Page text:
The Monthly Packet

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The Monthly Packet was an English magazine published between 1851 and 1899,[1] founded by members of the Oxford Movement to counter Anglo-Catholic extremism. It was strongly influenced by its first editor, the novelist Charlotte Yonge, with aims of providing instruction, entertainment and improvement. Other, unstated aims were to encourage interest in education, missionary work, and charity.

Content changes[edit]

The Monthly Packet of Evening Readings for Younger Members of the English Church, as shown in "The Introductory Letter" in Volume 1, was targeted at middle and upper-class Anglican girls. Evidence suggests readership actually included males, adults and members of the lower classes. (By July, 1880, the word "Younger" had been dropped from the title.)

The magazine encouraged attitudes that included the prevailing view of religious and social standards. Over time, the approach was modified: Anglo-Catholic contributions were accepted, and it became more tolerant of Roman Catholicism and Nonconformism. It came to recognize that certain ills in society, such as poverty and ignorance, needed to be addressed. There was less emphasis on submission and obedience.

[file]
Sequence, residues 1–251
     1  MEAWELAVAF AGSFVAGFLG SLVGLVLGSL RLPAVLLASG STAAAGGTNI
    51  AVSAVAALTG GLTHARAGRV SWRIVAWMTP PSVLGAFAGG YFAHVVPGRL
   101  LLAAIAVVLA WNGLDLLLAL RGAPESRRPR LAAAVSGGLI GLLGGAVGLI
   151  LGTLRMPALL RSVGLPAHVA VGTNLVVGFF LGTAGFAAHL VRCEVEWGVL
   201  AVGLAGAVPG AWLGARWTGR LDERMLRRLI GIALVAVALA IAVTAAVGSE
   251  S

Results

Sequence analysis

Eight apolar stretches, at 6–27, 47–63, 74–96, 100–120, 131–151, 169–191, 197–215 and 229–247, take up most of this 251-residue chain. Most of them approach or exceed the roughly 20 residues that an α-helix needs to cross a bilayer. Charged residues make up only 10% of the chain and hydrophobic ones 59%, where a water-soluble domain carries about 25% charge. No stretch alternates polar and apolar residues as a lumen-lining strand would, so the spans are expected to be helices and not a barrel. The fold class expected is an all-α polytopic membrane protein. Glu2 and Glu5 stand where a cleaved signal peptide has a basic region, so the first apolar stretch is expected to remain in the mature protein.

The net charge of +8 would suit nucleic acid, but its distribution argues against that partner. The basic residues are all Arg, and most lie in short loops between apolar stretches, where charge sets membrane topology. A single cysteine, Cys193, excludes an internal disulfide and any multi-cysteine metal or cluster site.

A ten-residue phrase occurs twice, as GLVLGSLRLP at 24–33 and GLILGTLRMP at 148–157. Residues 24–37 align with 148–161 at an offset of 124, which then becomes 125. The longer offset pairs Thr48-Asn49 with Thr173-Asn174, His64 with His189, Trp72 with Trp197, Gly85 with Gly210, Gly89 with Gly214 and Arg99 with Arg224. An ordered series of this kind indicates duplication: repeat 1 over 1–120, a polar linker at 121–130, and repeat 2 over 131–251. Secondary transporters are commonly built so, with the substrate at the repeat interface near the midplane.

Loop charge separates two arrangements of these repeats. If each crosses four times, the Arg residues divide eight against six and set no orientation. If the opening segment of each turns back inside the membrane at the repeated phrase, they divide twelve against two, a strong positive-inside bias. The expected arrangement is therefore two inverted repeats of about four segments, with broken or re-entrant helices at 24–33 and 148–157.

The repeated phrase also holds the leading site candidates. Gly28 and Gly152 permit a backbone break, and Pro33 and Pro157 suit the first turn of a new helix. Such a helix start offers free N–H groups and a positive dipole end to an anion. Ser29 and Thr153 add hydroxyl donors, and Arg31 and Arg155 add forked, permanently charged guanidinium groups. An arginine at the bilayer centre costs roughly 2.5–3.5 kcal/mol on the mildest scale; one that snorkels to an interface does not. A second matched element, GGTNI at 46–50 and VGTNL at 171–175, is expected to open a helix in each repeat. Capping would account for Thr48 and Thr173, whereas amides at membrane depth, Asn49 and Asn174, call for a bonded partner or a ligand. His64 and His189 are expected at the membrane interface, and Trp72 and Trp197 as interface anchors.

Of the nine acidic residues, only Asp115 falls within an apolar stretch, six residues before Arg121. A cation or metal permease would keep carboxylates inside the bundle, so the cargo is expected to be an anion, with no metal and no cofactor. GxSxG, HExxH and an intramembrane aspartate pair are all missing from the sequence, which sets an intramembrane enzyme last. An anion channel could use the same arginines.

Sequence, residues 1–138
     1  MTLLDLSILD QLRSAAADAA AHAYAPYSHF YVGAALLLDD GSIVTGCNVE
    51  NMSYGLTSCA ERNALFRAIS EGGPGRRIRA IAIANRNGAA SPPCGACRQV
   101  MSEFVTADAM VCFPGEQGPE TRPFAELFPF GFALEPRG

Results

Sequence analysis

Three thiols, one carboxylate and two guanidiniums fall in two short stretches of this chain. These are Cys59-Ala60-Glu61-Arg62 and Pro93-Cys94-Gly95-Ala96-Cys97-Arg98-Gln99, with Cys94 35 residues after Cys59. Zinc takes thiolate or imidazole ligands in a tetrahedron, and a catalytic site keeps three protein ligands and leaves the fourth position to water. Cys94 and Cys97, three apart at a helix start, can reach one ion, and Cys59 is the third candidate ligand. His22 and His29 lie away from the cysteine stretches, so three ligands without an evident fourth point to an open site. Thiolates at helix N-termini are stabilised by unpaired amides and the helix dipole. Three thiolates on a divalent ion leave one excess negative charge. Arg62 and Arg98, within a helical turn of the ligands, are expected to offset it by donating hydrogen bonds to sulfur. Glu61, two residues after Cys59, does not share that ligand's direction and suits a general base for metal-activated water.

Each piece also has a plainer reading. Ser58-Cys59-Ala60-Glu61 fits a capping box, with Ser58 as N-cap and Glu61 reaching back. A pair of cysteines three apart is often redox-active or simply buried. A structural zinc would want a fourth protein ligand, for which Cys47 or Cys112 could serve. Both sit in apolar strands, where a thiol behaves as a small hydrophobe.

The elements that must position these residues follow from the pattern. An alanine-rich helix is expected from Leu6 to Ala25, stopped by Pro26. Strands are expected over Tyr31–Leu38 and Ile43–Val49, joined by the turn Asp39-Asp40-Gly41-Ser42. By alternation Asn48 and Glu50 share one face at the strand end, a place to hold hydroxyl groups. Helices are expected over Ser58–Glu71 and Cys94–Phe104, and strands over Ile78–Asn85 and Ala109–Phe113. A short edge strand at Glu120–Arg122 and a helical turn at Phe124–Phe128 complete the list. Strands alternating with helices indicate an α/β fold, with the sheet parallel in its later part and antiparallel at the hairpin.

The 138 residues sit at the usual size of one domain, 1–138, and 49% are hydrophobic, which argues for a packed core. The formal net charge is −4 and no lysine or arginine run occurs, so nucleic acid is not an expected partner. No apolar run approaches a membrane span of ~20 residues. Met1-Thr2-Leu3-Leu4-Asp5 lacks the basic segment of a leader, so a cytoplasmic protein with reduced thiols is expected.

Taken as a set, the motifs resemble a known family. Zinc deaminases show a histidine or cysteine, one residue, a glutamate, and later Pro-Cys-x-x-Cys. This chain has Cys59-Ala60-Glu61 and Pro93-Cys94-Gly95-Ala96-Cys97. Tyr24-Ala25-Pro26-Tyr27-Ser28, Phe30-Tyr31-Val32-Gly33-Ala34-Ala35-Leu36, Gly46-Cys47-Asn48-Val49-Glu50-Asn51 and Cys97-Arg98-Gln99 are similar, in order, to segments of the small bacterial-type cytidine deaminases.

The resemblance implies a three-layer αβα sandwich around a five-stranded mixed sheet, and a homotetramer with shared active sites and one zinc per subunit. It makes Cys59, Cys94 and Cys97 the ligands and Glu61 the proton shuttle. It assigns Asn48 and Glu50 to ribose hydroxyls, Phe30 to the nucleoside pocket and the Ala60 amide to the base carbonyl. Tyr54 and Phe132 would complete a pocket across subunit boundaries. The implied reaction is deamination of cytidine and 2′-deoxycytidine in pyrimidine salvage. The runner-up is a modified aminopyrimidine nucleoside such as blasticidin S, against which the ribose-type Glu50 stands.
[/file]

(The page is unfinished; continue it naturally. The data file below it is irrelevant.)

Literary history[edit]

The Monthly Packet was the first periodical to publish Lewis Carroll's short stories, which were later compiled into A Tangled Tale. Other literary contributors included Rosa Nouchette Carey with her novel Heriot's Choice in 1879.[2]

Charlotte Yonge[edit]

Charlotte Yonge as a churchwoman was influenced by John Keble, one of the leaders of the Oxford Movement. She combined editing The Monthly Packet with writing novels, biography, history, school textbooks, and pieces for her magazine. To some extent, the magazine can be seen as an expression of her personality and beliefs. She describes her audience in the first editorial as "daughters of our own beloved Catholic church in England" (meaning that the Church of England is by definition a part of the universal church). However, unusual work such as that by Lewis Carroll was also included.) In 1891 the novelist Christabel Coleridge became the assistant editor. She was sole editor from 1894.

The magazine offers insights into Victorian life, especially regarding religious attitudes. Other subjects of interest are history, education, sociology and women's studies.

References[edit]

  1. ^ "The Monthly Packet". The Charlotte Mary Yonge Fellowship. Retrieved 20 March 2017. 
  2. ^ Rosa Nouchette Carey's ODNB entry: Retrieved 31 May 2011.
  • Sturrock, June (2006) "Establishing Identity: Editorial Correspondence from the Early Years of 'The Monthly Packet'", Victorian Periodicals Review 39: 3, Fall 2006, pp. 266–279

External links[edit]